Medical practices and public administration offices are among the last places in Germany where most of the communication is still done paper-based or verbally. Important information, is written down illegibly by hand, gets only mentioned briefly - or in the worst case - is not handed out to patients at all.
Historically, the fact that people are not granted direct access to their own health data can be explained by the role of doctors as "gods in white". Patients weren't considered as wise and educated enough to be able to have a say in the matter and diagnostic details were considered to be only an overwhelming burden to them. This attitude can still be found with older doctors today.
In reality, I believe only in the field of psychiatry/psychotherapy, it sometimes is better if doctors are able to make diagnoses and take notes without patients having access to them. In all other medical areas, in my opinion transparency should be an absolute prerequisite for medical treatment.
It should be clear to all people that medicine is not an exact science and that it holds many uncertainties and decisions are often based only on probabilities or experience. In no other area with equivalent consequences for one's own life one would give up complete control to outsiders so readily and "hope for the best" without trying to figure on which basis decisions are made.
People - especially chronically ill people - who actually try to keep track of past treatments and diagnoses usually do so in form of a folder in which documents are filed. This folder is then carried from doctor's office to doctor's office and put on the counter at the reception desk before the appointment. The handling of these folders varies from place to place. In some facilities, the documents are all scanned in. In others, the doctor leafs through them briefly just before the treatment, hoping that something accidentally strikes her or his eye. In other facilities, the paper stacks are simply ignored.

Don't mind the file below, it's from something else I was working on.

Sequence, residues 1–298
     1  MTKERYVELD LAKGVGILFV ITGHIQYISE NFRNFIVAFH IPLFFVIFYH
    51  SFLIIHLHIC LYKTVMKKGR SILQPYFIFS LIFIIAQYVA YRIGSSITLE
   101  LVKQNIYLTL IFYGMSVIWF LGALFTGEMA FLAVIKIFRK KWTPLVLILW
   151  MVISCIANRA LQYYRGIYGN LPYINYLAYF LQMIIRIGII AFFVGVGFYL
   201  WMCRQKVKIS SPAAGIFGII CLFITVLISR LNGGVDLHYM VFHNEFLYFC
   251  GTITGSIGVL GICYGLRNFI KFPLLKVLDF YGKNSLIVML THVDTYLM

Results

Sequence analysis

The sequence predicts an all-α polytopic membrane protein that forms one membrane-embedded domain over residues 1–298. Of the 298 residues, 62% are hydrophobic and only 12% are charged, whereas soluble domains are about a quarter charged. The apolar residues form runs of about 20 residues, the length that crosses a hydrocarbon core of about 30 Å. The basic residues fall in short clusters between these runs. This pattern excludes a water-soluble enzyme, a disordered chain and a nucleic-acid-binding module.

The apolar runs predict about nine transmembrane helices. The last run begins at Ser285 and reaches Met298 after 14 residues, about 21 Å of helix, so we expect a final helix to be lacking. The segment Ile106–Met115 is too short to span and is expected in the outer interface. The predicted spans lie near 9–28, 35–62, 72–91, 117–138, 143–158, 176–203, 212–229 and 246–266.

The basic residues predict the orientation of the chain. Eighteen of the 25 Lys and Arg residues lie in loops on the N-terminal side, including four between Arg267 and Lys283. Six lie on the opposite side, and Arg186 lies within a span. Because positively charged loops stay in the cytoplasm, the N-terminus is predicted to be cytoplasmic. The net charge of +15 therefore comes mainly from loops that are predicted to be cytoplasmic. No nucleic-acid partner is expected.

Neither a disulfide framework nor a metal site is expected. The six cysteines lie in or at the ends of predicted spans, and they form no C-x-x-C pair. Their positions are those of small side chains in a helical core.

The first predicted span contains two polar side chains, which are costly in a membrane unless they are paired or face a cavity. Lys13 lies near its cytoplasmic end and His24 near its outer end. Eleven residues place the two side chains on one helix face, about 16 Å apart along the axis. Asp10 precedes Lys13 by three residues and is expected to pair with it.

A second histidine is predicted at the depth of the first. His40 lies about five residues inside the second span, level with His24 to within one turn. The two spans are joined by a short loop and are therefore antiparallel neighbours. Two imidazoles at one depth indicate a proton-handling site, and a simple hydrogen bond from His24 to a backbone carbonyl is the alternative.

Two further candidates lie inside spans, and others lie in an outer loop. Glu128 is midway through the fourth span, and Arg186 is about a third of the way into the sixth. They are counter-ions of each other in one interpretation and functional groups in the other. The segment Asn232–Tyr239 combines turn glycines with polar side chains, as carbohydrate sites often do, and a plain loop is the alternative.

It's not the doctors' fault. On average, they only have 8 minutes for one treatment and have no chance to process big stacks of files during this time. If a certain information of an earlier treatment is urgently needed, the current standard process is a phone call and a subsequent direct transmission of the file from doctor to doctor by fax. A technology from the 1970ies that almost nobody else has wanted to use anymore for the last 20 years.
If previous findings are not digital and do not contain any meta-information, such as the creation date or name and specialization of the previously treating doctor, the data is not very useful to computers. There are efforts to make medical documents understandable for machines through OCR software. However, the road to meaningful structured data is still long.
For your diagnoses, doctors therefore rely to a large extent on the data they collect themselves during treatment or on the few pieces of information that are collected through questionaires, handed out to patients preceding the appointement. A tiresome repetitive work for patients and who is really able to reproduce all the medical details of family members by heart? This information could be very valuable for a better diagnosis.
The path to computer-assisted medical treatment begins with a structured collection and aggregation of the patient's medical context. This data is then supplemented by new information that is created during an appointment or an hospital stay. And it ends with all newly acquired information and instructions being structured and fully returned into the hands of the patient.
Patients should be considered intelligent enough and allowed to have a say. They should be allowed to ask questions and to question decisions. Interfaces are needed to give them insights into their treatment processes and enabling them to browse through their medical history and draw information from it.
Physicians should be supported in their difficult work by the best possible data basis and clear and just as helpful interfaces, which aggregate this data base in a meaningful and understandable way and thus enable raw computing power to be used for medical purposes.
Several competitors have already unsuccessfully tried to solve the problem with centralized cloud solutions that include a log-in for doctors and a log-in for patients.
The difficulty always lies in building the link between the two areas. How can I, as a doctor, make something available to a certain patient? In some systems, the patient have to authenticate themselves by calling their doctor's offices. For others doctors have to hand over a one-time-password on paper.
All systems have in common that as a doctor you have to open a web app to send a file. In most solutions you have to log in to do so. Next the patient has to log in to the patient portal to retrieve the file.
The biggest flaw: The company that operates the system has a complete list of all patients, including their insurance and insurance numbers, and all health data flows through the company's server. And another problem: if the platform provider decides to discontinue the service, all data will disappear instantly.